As the waves crash on Lake Ontario and ice starts to thaw, Drake takes the energy from ‘Hype’ and continues to brag about how far his come in the rap game and that no one can knock him down. Take note everyone: he’s not going anywhere.
Another leaked track that made the final cut. It may not have the bite that ‘One Dance’ or even ‘Hotline Bling’ has; but with Drake experimenting a little more with a different vibe, he successfully breathes life into his sound with this soon to be hit.
‘One Dance’ is on the cusp of becoming Drake’s first #1 single and it’s well deserved. We dare you to find a song this year with a more solid hook and chorus. We’ll wait.
The album’s biggest misstep. The only enjoyable part of the song is when Drake raps “I’m shirt off” over and over so we can mentally picture those shirtless Instagram pictures.
Like – ridiculous. We have a song from Drake that details his love for Cheesecake Factory. It’s now a thing. Now excuse us as we “bounce that shit like whoa” to this trap infused banger.
The hard-hitting rap songs are very few and far between on ‘Views’ and ‘Pop Style’ takes the title as the hardest. It may have lost its shine with the removal of The Throne, but nonetheless a song that could fit right in between some of most lethal cuts.
And AubRIH lives on. Teaming up together for the fourth time (at least professionally), Ri and Drake trade verses about the one taking the other’s love for granted. The sound keeps very much in line with most of their work and the poppier style Drake explored on some of the standouts on this record. A future single, no doubt.
Side note: Is this real life or a soap opera that we’re watching? Is it time for a Drake and Rihanna collaborative album yet?
‘Fire & Desire’
One last introspective moment before the album closes – Drake’s busy chasing around a girl who already has a man. Did she leave her guy and run off with Drake now that the summer is over? We only pray that she didn’t fall asleep during this mellow four minute cut.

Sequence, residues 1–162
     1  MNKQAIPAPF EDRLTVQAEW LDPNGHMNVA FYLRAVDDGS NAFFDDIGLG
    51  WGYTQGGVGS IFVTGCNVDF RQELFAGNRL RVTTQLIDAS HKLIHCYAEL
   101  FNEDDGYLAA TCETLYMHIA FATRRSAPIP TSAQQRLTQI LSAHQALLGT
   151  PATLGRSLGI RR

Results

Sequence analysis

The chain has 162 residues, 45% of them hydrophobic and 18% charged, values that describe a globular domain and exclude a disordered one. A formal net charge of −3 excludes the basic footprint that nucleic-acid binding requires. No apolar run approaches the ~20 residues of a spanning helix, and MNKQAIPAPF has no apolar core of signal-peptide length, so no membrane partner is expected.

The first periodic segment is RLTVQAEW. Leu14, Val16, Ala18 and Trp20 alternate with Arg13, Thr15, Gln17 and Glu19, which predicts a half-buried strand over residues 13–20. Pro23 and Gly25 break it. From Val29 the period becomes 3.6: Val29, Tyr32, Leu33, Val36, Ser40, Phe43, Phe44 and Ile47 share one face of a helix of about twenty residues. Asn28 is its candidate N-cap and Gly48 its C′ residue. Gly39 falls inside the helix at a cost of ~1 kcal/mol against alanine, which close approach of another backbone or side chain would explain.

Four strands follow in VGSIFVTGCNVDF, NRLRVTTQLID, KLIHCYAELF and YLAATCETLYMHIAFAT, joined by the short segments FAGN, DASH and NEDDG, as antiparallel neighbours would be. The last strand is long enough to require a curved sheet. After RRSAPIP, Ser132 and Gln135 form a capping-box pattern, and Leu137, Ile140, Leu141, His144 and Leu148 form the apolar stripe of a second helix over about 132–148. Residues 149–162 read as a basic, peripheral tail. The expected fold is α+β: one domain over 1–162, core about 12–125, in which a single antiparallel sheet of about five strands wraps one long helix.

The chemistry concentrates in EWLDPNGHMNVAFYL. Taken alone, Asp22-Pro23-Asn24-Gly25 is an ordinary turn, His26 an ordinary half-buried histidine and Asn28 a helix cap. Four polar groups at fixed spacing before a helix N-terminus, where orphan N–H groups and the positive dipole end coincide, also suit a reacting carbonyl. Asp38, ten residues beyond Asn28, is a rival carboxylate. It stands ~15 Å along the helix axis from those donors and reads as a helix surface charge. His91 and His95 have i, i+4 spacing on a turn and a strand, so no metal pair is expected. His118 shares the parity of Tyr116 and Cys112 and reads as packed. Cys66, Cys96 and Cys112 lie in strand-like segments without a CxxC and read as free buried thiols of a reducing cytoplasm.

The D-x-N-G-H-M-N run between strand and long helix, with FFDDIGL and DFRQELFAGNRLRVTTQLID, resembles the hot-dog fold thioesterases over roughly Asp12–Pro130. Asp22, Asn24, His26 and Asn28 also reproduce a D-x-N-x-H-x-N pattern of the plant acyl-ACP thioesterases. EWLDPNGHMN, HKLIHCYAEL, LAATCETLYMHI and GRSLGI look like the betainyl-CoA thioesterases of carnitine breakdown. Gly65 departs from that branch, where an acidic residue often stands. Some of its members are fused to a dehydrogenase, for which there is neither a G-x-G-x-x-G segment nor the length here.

Again – Drake shares his successes and his current head space on the album’s closing and title track. This time, he looks forward to the future and what’s next. Drake always brings things to an end on a high note. ‘Views’ might not be the highest – but damn, is it stronger.
Going back to Drake’s Beats1 interview with Lowe, he said something very interesting about his thought process going into creating ‘Views’
I really tried to…I come off those two mix tapes and it was about being in the club, it was about having the hottest joints, and this was more like what is a cohesive, incredible listening experience from me? What can I do for this generation to create distance from myself and anyone else and do something that no one else can really achieve or accomplish. And I think I used my writing and my voice in ways…I’m really proud of the songwriting on here.
More than anything, ‘Views’ is the yang to ‘If You’re Reading This, It’s Too Late’ and ‘What A Time To Be Alive’ ‘s yang. It was an interesting approach for him to take – and for the first time since ‘Take Care’ he taps into the moody vibe he carved out for himself – but was it enough?
Let’s be honest, it takes more than a handful of listens to get into ‘Views’. A lot of hype went into this record and it was set up like one thing. In a lot of ways, it’s a disappointment. Is this the record that ‘Views From The 6′ was assumed to be? No.
At times it’s way too mellow, songs go on for far too long, certain features are unnecessary (dvsn on ‘Faithful’ is just too painful to endure), and there’s the overall absence of Drake’s rap persona. We love when he changes it up and sings – but is there a such thing as too much of it?
With that being said, Drake still managed to create a very cohesive body of work and use his voice in ways we’ve never heard before. We challenge him on the songwriting aspect (that Chrysler/Bentley line still haunts us), but overall ‘Views’ is very much a grower and a solid album. The way we feel about it now doesn’t match how we felt during its first spin.
If you’re in the same boat as us, the good news we can all take away from ‘Views’ is that Drake still has his greatest album ahead of him. Slowly, but surely he’ll get there. He’s on the right track, but still has a bit more to get there – after all, do we want him to peak this early (don’t answer that because we know you’re thinking of ‘Take Care’)?
If you’ve had your doubt, go and give it another spin…or two…or five. Throw on some headphones and really listen to the record. We can promise that you’ll find more than a few things to love about ‘Views’. If we did after the shock of not getting the record we expected, then you will too.
Download ‘Views’ on iTunes.